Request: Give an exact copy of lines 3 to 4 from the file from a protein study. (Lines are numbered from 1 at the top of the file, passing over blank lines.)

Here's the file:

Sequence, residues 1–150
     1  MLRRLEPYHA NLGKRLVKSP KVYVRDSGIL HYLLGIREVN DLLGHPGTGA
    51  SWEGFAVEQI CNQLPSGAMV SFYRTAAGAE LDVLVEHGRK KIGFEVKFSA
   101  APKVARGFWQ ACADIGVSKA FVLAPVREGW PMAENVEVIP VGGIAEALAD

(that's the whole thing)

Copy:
    51  SWEGFAVEQI CNQLPSGAMV SFYRTAAGAE LDVLVEHGRK KIGFEVKFSA
   101  APKVARGFWQ ACADIGVSKA FVLAPVREGW PMAENVEVIP VGGIAEALAD